The Rise (But Not From The Dead) Of Zombie Banks

As share prices of financial firms have continued to climb this year in the face of an uncertain economic recovery, the discussion about the role of so-called zombie banks is beginning to come up again.

Wednesday, Reuters' Rolfe Winkler pointed out a discussion between three economists about how zombie banks are hoping that a sudden return of liquidity to mortgage-backed securities will one-day raise them up from the dead.

Winkler highlights Boston College finance professor Ed Kane's comments about this kneel-and-pray strategy. It's worth re-posting:

Kane: Another point is that these so-called "hard-to-price assets" have much more value to "zombie banks" than to anyone else, which is why there is no liquidity in that market. The deeply insolvent institutions want what everyone else calls "toxic assets" because it gives them a chance to climb back if the economy recovers well into solvency.

Bergman: Ed, you coined the term "zombie banks" in the S&L crisis. What inspired you?

Kane: It was just an attempt to make clear to people the dangers of keeping an institution that was deeply insolvent alive, or at least walking. The notion of the zombie is that it would be put in its grave by its creditors if it weren't for the black magic of government credit support guarantees and loans. These institutions have very distorted incentives, just as the zombies do in the horror movies. They're looking for things that even might have negative present value but have a possibility of producing good results. It's a long shot bet to plug a hole in their balance sheet.
The trouble with the zombies is that they ruin the market for everyone else. They're not looking for solid investments but something that has a chance of a big payoff. They're willing to pay more for deposits or funding generally than other institutions, so they spread "zombieness." They make other institutions have trouble earning a living.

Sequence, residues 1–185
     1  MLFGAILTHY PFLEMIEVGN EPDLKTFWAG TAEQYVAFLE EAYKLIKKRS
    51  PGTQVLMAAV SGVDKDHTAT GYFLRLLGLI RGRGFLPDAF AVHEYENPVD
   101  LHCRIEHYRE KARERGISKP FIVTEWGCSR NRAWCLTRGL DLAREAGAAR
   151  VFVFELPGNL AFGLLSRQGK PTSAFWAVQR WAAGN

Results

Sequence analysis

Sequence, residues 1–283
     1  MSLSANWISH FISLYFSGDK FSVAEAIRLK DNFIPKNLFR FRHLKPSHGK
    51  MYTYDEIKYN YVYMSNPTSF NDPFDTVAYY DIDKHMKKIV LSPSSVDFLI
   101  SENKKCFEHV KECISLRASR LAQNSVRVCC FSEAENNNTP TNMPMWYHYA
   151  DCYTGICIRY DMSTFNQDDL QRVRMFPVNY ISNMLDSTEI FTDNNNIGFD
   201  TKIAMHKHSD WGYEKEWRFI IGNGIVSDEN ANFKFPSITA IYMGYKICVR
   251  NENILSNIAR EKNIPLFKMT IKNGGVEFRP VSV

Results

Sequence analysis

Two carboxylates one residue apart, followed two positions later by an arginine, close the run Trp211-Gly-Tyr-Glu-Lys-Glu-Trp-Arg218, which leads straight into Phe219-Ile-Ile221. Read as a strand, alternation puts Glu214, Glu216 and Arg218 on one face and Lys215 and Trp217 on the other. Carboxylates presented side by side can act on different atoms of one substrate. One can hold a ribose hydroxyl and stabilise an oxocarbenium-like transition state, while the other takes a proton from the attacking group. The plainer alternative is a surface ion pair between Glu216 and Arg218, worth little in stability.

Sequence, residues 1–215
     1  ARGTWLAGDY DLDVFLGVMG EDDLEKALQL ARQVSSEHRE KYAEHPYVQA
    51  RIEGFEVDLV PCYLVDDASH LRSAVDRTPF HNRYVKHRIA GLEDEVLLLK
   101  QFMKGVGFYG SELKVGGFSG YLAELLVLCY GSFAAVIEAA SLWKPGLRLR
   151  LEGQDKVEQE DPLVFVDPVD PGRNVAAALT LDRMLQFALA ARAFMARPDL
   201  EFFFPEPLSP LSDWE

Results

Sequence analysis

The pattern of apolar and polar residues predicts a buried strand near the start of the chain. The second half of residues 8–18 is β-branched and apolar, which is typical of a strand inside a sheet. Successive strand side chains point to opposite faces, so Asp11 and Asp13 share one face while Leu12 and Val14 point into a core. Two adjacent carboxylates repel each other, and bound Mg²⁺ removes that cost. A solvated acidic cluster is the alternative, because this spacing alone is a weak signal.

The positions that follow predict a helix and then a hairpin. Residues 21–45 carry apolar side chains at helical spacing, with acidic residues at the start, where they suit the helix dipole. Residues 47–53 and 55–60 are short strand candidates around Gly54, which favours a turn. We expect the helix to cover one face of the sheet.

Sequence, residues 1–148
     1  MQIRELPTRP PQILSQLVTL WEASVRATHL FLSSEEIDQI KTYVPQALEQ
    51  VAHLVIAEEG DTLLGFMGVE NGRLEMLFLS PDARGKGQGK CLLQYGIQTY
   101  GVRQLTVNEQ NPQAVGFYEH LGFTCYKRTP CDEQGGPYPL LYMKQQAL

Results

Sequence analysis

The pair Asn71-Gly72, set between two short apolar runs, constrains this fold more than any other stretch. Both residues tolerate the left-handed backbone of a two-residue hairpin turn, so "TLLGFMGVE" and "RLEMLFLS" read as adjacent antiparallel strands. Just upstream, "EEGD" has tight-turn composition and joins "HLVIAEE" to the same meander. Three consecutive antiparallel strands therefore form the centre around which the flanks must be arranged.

Todd: It is the dead feeding on the living.

These are actually similar sorts of comments to those made by fund manager George Soros earlier this year, when he cautioned that any rise in the role zombie banks play in the economy without strong demand everywhere else (think home sales, retail sales, and declining foreclosures) would in effect, constitute a bear market rally, no matter how long it went on for.

Soros added that, as a result of the zombie banks: "The recovery will look like an inverted square root sign ... You hit bottom and you automatically rebound some, but then you don't come out of it in a V-shaped recovery or anything like that. You settle down, step down."

Looking at the latest (rather erratic) economic activity, zombie banks certainly don't seem to look any more independent of government capital than they did at the beginning of the year. Yesterday, the government announced it would be purchasing up to $1.25 trillion of mortgage-backed securities and $200 billion of agency debt.

It would be one thing if all the spending was leading to a massive slow-down in foreclosures and rise in housing sales. But that's not the case: housing sales fell 2.7 percent in August, according to an announcement by the National Association of Realtors today.

Worse still, many argue that federal spending is beginning to artificially prevent foreclosures, meaning we are delaying the pain again once the Fed runs out of breath.

It's easy to see how the scenario is adding up to a more zombified economic environment in general, with fresh capital chasing down the defunct. But it still seems increasingly likely that many of the zombie banks' derivative assets will simply lag worthless for a long period of time, until the banks are forced into bankruptcy.

That process will of course put massive pressure on additional banks, and lead to more shutterings. The only difference is, this time the federal government won't have any more cash lying around to bail them out.